8:16 As a result of this downtime, we’re looking at getting a process that runs code in the browser and attempts to save a pen. If we had code running every 5 minutes that tried to save a pen, and would send an alert if there was an error, that would have saved us.

9:22 This problem is unique to running in production. It would have been really nice to have those smoke tests to alert us before our users had to tell us about the problem.

How We Found Out

10:12 Chris usually is the first one awake due to time zones, and he woke up to a whole bunch of emails and tweets. Everything from “You’re a bunch of idiots”, to, “Did I break something?”

The first thing Chris did was try to recreate the problem, and then he reached out to Alex through email, Slack, and text message.

11:46 Within minutes, the team was online, fixing the problem. We got it fixed pretty quickly, but we still had hours of downtime.

The “Blameless” Postmortem

“Having a “blameless” postmortem process means that engineers whose actions have contributed to an accident can give a detailed account of:

…and that they can give this detailed account without fear of punishment or retribution.” – John Allspaw, Blameless PostMortems and a Just Culture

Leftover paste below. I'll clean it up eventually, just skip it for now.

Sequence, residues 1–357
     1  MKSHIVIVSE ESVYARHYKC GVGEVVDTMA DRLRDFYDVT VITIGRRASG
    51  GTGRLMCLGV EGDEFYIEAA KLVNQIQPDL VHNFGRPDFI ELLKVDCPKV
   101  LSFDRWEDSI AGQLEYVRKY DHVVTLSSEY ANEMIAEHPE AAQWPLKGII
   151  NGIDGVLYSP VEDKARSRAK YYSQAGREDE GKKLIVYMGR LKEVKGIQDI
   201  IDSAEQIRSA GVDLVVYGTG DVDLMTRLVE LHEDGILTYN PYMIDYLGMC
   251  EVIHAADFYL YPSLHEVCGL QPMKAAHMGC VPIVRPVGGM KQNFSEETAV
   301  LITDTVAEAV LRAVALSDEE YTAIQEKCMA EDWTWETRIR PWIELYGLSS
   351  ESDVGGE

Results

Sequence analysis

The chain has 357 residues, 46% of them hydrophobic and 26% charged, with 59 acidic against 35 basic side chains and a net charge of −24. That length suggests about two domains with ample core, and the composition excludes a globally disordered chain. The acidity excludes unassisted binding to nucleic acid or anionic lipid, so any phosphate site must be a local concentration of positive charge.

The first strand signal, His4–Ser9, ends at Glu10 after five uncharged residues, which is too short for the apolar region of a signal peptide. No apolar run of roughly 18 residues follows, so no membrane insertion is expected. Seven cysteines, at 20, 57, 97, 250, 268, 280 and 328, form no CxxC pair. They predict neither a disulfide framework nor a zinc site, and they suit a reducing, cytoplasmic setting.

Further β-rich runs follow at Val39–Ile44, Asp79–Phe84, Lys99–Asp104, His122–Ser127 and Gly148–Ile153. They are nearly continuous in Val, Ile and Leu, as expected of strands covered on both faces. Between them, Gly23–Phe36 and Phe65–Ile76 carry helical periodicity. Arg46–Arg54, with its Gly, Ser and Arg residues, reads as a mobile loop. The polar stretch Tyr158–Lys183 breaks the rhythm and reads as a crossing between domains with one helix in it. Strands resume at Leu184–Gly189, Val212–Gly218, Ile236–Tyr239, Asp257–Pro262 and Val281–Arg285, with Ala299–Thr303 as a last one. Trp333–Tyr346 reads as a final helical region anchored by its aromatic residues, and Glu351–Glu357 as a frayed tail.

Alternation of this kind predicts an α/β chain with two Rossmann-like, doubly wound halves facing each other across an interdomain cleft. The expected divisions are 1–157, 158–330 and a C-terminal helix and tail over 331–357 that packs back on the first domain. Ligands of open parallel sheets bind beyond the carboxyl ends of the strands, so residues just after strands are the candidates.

12:56 The last thing you want to do is discourage people from identifying what went wrong and how to fix it moving forward. A blameless postmortem encourages those responsible for the problem to identify the cause of the issue, and find ways to prevent it from happening in the future.

14:30 We’ve all have chances to break the site. We’ve all touched code that could accidentally take the system down, or break something. We all share the success, and the blame when something goes down.

15:37 Another recent postmortem was an issue we had with Reddis. Something happened to the box that Reddis was running on, and it (essentially) shut down. This started a chain reaction that caused the site to go down. Tim was out snowboarding, and he didn’t have his laptop with him, so he wasn’t able to fix the problem. He tried to talk Alex through the fixes required, but their attempts weren’t successful. So a conversation came out of that about having the proper tools with you at all times (if possible), and how to solve Reddis problems in the future.

How to Write a Postmortem Report

20:10 A postmortem can be just talking, which is fine, but the next step is to write a report so that you can reference it later. Writing things down forces you to think through every step, and you’ll internalize the experience better.

You don’t have to write a whole novel about what went wrong, a simple document with bullet points will suffice.

It’s really nice to know in-detail why things happened the way they happened. A postmortem report is a great way for the person responsible for the bug to thoroughly explain (in writing) to the other team members what exactly happened, and hopefully prevent that same problem from happening in the future.